Share these videos with your school-aged children to promote environmental awareness and responsibility. Some also offer lesson plans from TED-Ed, which you can log in to see by registering for a free TED-ED account.
Despite the vastness of Earth’s oceans, plastic pollutants are turning up everywhere, from the deep sea to the Arctic ice pack. In this short film from filmmaker Chris Hanson, 17 Hawaiian students study the impact of plastic pollution on their local beaches.
We’ve all been told that we should recycle plastic bottles and containers. But what actually happens to the plastic if we just throw it away? Emma Bryce traces the life cycles of three different plastic bottles, shedding light on the dangers these disposables present to our world.
Water is refreshing, hydrating, and invaluable to your survival. But clean water remains a precious and often scarce commodity—there are nearly 800 million people who still don’t have regular access to it. Why is that? And how can you tell whether the water you have access to—whether from a tap or otherwise—is drinkable? Mia Nacamulli examines water contamination and treatment.
The Earth intercepts a lot of solar power: 173,000 terawatts. That’s 10,000 times more power than the planet’s population uses. So is it possible that one day the world could be completely reliant on solar energy? Richard Komp examines how solar panels convert solar energy to electrical energy.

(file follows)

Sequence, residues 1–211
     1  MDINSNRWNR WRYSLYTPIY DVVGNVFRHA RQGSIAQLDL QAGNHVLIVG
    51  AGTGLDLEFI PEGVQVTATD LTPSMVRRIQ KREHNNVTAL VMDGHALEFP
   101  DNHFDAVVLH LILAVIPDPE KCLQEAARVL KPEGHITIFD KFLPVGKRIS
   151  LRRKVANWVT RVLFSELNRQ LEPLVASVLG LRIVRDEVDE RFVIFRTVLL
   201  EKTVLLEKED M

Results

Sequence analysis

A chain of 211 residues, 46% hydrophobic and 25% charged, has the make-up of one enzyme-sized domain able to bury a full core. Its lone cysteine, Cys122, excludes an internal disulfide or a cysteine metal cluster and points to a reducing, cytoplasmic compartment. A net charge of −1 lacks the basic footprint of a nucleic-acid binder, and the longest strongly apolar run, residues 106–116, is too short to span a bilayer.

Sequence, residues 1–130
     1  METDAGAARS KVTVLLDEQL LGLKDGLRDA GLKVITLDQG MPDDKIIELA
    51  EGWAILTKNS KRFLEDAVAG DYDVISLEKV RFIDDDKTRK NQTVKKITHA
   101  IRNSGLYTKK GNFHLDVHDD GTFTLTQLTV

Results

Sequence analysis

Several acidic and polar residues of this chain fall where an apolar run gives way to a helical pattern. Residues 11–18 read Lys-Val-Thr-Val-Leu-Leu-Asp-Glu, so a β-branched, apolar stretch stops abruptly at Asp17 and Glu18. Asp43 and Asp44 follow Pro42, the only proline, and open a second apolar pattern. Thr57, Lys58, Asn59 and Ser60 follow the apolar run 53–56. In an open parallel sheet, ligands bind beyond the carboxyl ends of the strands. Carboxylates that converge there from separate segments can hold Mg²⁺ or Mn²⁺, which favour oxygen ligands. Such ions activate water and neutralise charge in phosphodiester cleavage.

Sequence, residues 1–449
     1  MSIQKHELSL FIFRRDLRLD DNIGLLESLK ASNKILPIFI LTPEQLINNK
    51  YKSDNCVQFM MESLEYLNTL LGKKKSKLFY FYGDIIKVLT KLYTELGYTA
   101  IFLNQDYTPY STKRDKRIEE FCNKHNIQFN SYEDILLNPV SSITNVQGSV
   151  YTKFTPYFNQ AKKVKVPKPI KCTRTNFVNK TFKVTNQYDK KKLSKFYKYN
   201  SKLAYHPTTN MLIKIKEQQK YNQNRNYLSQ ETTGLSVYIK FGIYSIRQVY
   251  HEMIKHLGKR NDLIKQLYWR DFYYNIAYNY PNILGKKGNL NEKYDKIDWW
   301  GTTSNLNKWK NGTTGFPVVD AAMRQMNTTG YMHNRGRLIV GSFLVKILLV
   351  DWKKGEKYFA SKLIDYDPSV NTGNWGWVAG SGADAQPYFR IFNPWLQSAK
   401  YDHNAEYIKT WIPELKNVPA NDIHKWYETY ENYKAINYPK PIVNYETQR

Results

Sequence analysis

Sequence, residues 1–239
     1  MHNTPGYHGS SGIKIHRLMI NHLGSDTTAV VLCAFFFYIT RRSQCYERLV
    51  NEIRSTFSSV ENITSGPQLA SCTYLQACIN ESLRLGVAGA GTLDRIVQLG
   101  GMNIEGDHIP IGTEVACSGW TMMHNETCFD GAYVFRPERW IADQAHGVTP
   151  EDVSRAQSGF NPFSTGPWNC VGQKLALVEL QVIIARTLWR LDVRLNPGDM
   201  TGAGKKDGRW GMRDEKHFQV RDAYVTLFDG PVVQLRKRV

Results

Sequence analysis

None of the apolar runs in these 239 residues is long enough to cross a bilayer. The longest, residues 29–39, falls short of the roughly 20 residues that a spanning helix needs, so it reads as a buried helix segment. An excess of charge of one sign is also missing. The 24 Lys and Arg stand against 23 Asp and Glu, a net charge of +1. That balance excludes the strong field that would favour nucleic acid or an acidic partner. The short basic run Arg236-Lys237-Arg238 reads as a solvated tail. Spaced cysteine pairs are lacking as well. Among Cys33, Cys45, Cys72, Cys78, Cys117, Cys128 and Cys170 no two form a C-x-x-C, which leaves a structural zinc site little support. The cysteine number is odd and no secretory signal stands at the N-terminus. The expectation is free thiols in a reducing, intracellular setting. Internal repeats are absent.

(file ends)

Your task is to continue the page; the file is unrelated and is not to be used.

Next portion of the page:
Welcome to the Plastic Vagabond—a short film co-produced by Parafilms and Tara Expeditions with help from the Conservation Media Group that follows the journey of marine plastic pollution and encourages people to take action.
Lola learns all about recycling, and doing things to save the planet. In a magazine, she and Charlie spot a competition to win a tree, if you recycle 100 things in each of four categories. Finding it difficult to complete this alone, they get their school involved. Lola is determined to recycle everything.
The North American Great Lakes—Huron, Ontario, Michigan, Erie, and Superior—are so big that they border 8 states and contain 23 quadrillion liters of water. They span forest, grassland, and wetland habitats, supporting a region that’s home to 3,500 species. But how did such a vast and unique geological feature come to be? Cheri Dobbs and Jennifer Gabrys takes us all the way back to the Ice Age to find out.
Plastic pollution is poisoning our oceans, and it is not just a threat for the environment but for the entire ecosystem, including humans. Project made for Lund University, Master in “Environmental Management & Policy”.
Welcome to Kamikatzu, Japan, the zero-waste town.